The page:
Ethiopia declares state of emergency to fight coronavirus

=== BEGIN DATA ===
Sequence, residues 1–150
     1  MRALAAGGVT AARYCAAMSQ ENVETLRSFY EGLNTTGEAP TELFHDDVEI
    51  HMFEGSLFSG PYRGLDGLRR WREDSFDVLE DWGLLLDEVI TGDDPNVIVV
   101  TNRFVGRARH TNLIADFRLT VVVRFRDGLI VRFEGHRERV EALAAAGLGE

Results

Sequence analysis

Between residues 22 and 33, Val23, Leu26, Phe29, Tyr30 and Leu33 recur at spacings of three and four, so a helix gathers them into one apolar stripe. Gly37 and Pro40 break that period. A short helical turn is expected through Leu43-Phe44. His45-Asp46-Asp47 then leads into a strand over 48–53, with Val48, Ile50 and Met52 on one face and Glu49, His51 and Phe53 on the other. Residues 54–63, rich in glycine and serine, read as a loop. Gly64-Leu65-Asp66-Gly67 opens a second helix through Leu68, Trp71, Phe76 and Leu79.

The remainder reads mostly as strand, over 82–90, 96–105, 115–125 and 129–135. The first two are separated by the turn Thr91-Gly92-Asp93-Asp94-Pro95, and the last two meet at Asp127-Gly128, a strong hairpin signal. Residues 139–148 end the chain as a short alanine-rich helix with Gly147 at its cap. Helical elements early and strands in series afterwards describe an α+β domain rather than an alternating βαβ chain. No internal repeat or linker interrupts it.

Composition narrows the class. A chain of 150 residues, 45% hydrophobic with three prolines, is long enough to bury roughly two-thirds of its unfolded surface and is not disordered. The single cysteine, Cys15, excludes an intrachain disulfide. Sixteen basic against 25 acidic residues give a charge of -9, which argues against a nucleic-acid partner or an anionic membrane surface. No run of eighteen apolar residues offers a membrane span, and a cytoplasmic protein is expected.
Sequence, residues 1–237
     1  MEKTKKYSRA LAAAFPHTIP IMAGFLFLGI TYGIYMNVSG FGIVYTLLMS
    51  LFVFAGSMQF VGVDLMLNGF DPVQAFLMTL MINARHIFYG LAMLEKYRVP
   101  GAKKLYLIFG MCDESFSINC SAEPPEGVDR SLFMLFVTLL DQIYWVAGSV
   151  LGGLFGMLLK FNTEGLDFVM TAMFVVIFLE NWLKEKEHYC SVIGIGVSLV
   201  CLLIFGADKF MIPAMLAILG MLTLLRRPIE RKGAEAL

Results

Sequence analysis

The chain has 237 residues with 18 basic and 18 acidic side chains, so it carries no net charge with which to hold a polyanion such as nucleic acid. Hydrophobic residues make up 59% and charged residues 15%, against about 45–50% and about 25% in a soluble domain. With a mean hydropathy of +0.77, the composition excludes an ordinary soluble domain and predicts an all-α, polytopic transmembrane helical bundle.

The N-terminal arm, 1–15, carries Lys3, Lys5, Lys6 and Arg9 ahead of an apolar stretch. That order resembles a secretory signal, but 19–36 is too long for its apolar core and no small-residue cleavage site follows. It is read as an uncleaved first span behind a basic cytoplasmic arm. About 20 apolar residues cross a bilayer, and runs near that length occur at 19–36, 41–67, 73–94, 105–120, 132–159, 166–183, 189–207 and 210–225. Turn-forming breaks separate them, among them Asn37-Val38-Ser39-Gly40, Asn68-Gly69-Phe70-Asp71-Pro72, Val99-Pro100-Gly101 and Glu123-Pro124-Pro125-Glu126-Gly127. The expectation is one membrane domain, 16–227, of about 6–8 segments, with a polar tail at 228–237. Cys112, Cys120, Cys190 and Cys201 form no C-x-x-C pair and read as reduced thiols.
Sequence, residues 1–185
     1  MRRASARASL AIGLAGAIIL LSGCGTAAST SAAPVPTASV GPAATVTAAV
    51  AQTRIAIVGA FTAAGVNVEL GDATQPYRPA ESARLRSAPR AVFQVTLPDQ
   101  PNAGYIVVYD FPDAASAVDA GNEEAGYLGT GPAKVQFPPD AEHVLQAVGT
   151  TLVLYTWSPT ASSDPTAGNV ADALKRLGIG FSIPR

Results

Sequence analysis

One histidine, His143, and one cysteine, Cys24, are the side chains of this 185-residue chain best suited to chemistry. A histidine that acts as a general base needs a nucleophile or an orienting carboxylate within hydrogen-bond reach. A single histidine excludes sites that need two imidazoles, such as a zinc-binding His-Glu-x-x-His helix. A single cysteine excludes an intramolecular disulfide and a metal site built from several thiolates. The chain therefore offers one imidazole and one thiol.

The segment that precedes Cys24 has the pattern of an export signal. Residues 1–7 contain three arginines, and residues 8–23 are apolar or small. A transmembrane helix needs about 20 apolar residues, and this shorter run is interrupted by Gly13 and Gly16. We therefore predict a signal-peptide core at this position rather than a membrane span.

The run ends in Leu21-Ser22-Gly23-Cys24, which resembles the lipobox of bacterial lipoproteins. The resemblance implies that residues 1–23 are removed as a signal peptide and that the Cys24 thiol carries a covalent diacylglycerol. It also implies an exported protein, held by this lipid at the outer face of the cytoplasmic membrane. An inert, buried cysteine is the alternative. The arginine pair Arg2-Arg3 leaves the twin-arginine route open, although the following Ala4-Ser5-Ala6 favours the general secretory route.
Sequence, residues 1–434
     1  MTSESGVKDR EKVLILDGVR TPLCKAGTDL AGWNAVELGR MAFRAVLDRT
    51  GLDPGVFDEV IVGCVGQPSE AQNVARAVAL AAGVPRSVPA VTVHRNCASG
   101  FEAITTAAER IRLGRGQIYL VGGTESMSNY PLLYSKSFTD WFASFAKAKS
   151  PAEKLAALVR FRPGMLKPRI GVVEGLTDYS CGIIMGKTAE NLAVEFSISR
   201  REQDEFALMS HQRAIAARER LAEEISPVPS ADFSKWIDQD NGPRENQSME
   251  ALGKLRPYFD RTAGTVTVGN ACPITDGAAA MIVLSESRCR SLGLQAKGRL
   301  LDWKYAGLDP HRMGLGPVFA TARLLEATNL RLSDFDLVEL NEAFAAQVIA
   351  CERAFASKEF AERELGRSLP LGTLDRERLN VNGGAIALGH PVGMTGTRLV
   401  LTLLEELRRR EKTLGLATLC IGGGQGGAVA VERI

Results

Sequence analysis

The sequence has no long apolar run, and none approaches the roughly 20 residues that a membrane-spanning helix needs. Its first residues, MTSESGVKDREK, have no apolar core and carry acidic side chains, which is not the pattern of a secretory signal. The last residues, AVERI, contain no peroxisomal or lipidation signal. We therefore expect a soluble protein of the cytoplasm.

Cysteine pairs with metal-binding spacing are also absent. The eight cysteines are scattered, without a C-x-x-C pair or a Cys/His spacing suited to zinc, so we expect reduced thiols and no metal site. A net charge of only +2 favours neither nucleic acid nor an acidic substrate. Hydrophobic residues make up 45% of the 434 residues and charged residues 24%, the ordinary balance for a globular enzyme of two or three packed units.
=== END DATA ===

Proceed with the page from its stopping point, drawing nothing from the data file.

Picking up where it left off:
first_imgTopics : Ethiopia on Wednesday declared a state of emergency to fight the coronavirus pandemic, which has so far infected 55 people and resulted in two deaths there. It is the first state of emergency announced under Prime Minister Abiy Ahmed, who came to power in 2018 and won last year’s Nobel Peace Prize in part for expanding political freedoms in the authoritarian nation. “Because the coronavirus pandemic is getting worse, the Ethiopian government has decided to declare a state of emergency under Article 93 of the constitution,” Abiy said in a statement.   The government has so far refrained from imposing a lockdown similar to those in effect elsewhere in the region, including in Rwanda, Uganda and Mauritius.According to the country’s constitution, under a state of emergency the Council of Ministers has “all necessary power to protect the country’s peace and sovereignty” and can suspend some “political and democratic rights”. Wednesday’s decree is likely to “beef up security operations with a greater role for the federal government, including the military,” said William Davison, Ethiopia analyst for the International Crisis Group, a conflict-prevention organization. “While this approach is understandable given the situation, it is critical that there is transparency over the government’s extra powers and that there is adequate monitoring of implementation,” Davison said.  Opposition challenges moveSince reporting its first COVID-19 case on March 13, Ethiopia has closed land borders and schools, freed thousands of prisoners to ease overcrowding, sprayed main streets in the capital with disinfectant, and discouraged large gatherings. But Abiy said over the weekend that a harsher lockdown would be unrealistic given that there are “many citizens who don’t have homes” and “even those who have homes have to make ends meet daily.” Jawar Mohammed, a leading opposition politician, said Wednesday this called into question why a state of emergency was necessary.”Officials have been saying the country is too poor to stop population movement. So why do you need a state of emergency if you are not planning to impose stricter rules?” Jawar told AFP. During consultations with Abiy earlier this week, the opposition Oromo Liberation Front (OLF) voiced worries that a state of emergency would lead to human rights abuses — a well-documented problem under previous states of emergency imposed during several years of anti-government protests that swept Abiy to power. “We explained our concern that the state of emergency has been initiated several times and it has been abused to violate the rights of citizens and other political activists,” OLF chairman Dawud Ibsa told AFP.It’s also unclear how the state of emergency might affect planning for hotly-anticipated general elections in Ethiopia.   The country’s electoral board announced last week that voting planned for August would need to be postponed because of the pandemic. It did not provide a timeline for when the elections would ultimately be held, and lawmakers’ constitutional mandates expire in October.Davison, with the International Crisis Group, said the state of emergency could be used “to formally postpone elections” past that deadline, though such a move risks sparking opposition backlash. “It is therefore essential that the government works with opposition parties on managing this constitutionally sensitive period and making new electoral arrangements,” Davison said.  “I call upon everybody to stand in line with government bodies and others that are trying to overcome this problem,” he added, warning of “grave legal measures” against anyone who undermines the fight against the pandemic.The attorney general’s office issued a statement specifying that the state of emergency would go into effect from Wednesday and last for five months.Violators of the terms of the state of emergency face up to three years behind bars, it said, although it did not specify what constituted a violation or which rights might be suspended. It was thus not immediately clear how the state of emergency would affect day-to-day life in Ethiopia.last_img read more